Review – Pilgrim Tongues by Cliff Forshaw

Pilgrim Tongues by Cliff Forshaw, Wrecking Ball Press, Office 9, Danish Buildings, 44 – 46 High Street, Hull, East Yorks, HU1 1PS. 124 pp. £8.95.

Where Maura Dooley’s poetry is all laser-like concentration, Forshaw strides round the world, taking it on with drive, intelligence and humanity, scattering memorable phrases and ideas as he goes, but in a way that to my mind disperses rather than concentrating the energies of his writing. A number of poems in the first two sections, travelling from Hull through Cambodia, Vietnam and Israel, seemed closer to skilfully versified travelogue or foreign correspondent’s report than to poetry. I admired Forshaw’s linguistic exuberance, while feeling it often drowned the poetry in its own excess. I enjoyed his verbal wit, his playfulness among ideas, the range of experience he covered and the impression he gave of forging his style with an ear to the latest developments in language. However, I didn’t find many poems I returned to with a sense of deepening understanding or pleasure.

One where I did was “Pilgrimage to Cythera”. Taking its starting point from Watteau’s painting of that name, this poem in five substantial sections shimmers between lyrical eloquence, wry humour and sober moral depth. In it, sympathetic meditations on the tissues of illusion we weave around love, romance and the erosions of time give way to harsher thoughts on the deceptions and callous frivolity of power. Shifts of angle keep things changing and alive as we’re made to see the parts of the poem we’ve already read in different lights. The relationship to Watteau’s painting draws the language towards a lyricism that’s both poignant and ironic when played against the aggressively contemporary idiom of other poems and the subtler internal subversions of this one, as in “This little harbour disguised by bouquets / of wild flowers woven round the Attic statuary / all makes a very serviceable Greek cove”. In the same section, I enjoyed “Hotel Transylvania”, with its urbane wit in a style that seems to build on that developed by James Fenton in poems like “The Pitt-Rivers Museum, Oxford” and “Chosun”.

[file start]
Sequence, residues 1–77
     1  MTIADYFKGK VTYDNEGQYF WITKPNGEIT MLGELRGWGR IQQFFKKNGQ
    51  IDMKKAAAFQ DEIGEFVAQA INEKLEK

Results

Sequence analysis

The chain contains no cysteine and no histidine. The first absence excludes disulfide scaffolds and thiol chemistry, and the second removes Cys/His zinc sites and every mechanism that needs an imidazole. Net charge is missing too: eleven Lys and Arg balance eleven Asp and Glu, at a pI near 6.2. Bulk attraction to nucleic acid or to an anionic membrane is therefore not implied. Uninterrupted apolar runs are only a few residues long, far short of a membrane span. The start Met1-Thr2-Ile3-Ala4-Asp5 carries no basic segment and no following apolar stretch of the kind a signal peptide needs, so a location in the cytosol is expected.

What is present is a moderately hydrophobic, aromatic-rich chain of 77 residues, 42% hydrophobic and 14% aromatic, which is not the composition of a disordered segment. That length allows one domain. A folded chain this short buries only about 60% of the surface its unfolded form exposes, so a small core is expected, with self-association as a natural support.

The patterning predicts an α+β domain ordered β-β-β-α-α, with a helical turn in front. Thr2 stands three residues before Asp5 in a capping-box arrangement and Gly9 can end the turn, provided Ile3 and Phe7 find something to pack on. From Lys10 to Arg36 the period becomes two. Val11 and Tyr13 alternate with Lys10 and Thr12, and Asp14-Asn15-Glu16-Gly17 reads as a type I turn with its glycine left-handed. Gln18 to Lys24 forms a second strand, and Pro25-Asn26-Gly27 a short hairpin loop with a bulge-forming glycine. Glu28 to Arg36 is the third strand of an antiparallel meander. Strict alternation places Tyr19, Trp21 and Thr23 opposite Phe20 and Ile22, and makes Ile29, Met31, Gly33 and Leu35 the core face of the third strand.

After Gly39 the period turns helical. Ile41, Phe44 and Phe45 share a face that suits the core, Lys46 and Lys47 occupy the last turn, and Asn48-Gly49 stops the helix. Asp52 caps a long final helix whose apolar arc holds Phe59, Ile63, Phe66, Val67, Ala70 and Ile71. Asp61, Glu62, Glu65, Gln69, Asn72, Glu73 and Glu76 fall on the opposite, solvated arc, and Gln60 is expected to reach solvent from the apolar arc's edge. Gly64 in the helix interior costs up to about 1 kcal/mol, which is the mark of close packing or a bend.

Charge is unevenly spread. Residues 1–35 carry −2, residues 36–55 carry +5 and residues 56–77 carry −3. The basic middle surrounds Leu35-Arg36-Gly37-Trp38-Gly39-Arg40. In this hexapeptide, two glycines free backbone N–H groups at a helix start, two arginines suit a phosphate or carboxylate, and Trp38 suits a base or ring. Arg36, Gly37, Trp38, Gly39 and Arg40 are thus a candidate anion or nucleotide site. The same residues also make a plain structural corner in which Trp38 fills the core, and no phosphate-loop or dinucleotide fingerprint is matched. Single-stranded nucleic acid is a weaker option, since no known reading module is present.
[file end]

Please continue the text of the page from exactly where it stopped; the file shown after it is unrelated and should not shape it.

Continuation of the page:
Forshaw makes much explicit use of intertextual allusion. Larkin is a vivid presence, particularly in the section I’ve been discussing, which is called “Under Travelling Skies”, from a line in Larkin’s “Triple Time”. This can cause problems: such a powerful poet can overshadow a lesser one, as I think happens in “Than: a god”, where an incongruous lurch into Larkin’s “Church Going” makes Forshaw’s ending seem simply weak. Other allusions to Larkin are more interesting, invoking him not as a mere influence but as a voice to be deliberately engaged and wrestled with.

I would like to thank Patricia Oxley for permission to reprint this review, which appeared in Acumen 86 as part of the same article as my review of Maura Dooley.

One Response to “Review – Pilgrim Tongues by Cliff Forshaw”

  1. Edmund Prestwich» Blog Archive » Review – Anna Wigley, Ghosts said:

    Feb 24, 17 at 10:21 am

    […] its strengths and limitations, Ghosts is at an opposite pole to Pilgrim Tongues and in some ways much more like The Silvering. Instead of dispersal we have a careful concentration […]

Leave a Reply